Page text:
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Cocoa, livelihoods, and deforestation within the Tridom landscape in the Congo Basin: A spatial analysis

Publié le 14 juin 2024

Uniquement disponible en anglais.

Publication de l’article Cocoa, livelihoods, and deforestation within the Tridom landscape in the Congo Basin: A spatial analysis par Jonas Ngouhouo-Poufoun, Sabine Chaupain-Guillot, Youba Ndiaye, Denis Jean Sonwa, Kevin Yana Njabo et Philippe Delacote dans la revue Plos One.

  • Publié: 13 juin, 2024, https://doi.org/10.1371/journal.pone.0302598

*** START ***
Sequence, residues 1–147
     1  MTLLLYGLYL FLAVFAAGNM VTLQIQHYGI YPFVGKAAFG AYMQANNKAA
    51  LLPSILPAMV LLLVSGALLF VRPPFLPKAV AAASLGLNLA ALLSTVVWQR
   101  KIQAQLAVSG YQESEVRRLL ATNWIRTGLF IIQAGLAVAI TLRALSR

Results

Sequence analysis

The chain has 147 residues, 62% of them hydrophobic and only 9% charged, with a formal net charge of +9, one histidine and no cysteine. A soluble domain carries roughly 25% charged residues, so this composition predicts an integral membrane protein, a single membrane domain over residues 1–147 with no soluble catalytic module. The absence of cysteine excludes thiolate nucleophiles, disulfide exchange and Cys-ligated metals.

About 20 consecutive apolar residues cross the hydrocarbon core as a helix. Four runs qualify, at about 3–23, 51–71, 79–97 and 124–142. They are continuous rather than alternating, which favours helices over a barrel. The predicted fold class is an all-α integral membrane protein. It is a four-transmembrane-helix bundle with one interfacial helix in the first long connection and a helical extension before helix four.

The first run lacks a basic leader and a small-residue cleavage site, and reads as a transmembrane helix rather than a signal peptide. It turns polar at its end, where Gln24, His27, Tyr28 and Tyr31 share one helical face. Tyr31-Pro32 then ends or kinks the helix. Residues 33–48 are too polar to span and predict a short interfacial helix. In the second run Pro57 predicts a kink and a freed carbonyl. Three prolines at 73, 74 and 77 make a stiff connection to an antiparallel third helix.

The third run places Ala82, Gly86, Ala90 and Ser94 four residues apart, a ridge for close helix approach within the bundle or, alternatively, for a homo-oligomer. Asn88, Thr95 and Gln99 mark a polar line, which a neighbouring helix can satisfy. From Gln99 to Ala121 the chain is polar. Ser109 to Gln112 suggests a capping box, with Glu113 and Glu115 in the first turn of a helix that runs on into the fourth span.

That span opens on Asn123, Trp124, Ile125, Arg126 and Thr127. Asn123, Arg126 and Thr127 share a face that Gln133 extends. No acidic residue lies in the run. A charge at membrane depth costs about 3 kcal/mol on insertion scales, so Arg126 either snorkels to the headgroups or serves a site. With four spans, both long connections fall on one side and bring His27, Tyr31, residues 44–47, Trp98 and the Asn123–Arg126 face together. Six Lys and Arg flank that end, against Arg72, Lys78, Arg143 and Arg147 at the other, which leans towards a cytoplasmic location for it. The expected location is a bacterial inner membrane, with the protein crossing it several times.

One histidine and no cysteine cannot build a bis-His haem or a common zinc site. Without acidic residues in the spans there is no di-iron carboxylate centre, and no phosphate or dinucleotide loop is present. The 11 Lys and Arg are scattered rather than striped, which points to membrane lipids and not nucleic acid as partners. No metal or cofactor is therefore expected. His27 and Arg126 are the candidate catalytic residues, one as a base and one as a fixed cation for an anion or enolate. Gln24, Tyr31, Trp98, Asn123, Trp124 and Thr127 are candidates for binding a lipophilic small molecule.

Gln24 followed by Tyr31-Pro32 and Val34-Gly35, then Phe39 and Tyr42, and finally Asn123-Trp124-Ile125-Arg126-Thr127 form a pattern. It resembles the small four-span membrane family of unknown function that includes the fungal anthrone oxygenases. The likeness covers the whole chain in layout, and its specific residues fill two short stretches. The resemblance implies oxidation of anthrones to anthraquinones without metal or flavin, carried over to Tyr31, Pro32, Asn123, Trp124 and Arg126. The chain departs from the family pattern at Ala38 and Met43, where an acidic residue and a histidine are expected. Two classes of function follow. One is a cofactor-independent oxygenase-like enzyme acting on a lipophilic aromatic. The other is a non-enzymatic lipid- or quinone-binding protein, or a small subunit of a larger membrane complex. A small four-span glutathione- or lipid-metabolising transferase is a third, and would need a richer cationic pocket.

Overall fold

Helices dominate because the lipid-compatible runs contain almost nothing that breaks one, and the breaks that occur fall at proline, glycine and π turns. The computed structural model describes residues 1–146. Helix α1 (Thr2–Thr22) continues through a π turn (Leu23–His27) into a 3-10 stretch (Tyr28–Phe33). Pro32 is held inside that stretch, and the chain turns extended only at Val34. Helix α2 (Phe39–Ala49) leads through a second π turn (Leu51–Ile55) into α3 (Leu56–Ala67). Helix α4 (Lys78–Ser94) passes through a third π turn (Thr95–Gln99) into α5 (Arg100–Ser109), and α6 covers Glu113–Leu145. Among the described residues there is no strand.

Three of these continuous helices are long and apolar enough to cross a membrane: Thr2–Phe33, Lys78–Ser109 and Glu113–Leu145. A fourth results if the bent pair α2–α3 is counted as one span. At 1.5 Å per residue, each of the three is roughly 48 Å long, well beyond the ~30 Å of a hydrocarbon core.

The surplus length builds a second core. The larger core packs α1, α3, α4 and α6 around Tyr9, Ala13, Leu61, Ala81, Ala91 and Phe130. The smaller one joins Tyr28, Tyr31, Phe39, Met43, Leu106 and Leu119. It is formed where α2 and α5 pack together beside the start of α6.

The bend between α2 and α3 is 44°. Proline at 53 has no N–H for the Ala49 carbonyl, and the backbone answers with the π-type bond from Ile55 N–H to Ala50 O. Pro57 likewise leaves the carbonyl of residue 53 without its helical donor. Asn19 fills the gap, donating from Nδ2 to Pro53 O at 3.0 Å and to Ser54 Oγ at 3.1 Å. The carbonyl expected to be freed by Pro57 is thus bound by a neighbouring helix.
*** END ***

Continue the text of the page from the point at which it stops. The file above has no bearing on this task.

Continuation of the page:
In the context of emerging international trade regulations on deforestation-free commodities, the drivers of households’ deforestation in conservation landscapes are of interest. The role of households’ livelihood strategies including cocoa production, and the effects of human-elephant conflict are investigated. Using a unique dataset from a survey of 1035 households in the Tridom landscape in the Congo basin, the spatial autoregressive model shows that: (1) Households imitate the deforestation decisions of their neighbors; (2) A marginally higher income from cocoa production-based livelihood portfolios is associated with six to seven times higher deforestation compared to other livelihood strategies with a significant spillover effect on neighboring households’ deforestation. The increase in income, mainly from cocoa production-based livelihoods in open-access systems can have a negative effect on forests. Households with a higher share of auto-consumption are associated with lower deforestation. If economic development brings better market access and lower auto-consumption shares, this is likely to positively influence deforestation. Without proper land use planning/zoning associated with incentives, promoting sustainable agriculture, such as complex cocoa agroforestry systems, may lead to forest degradation and deforestation.

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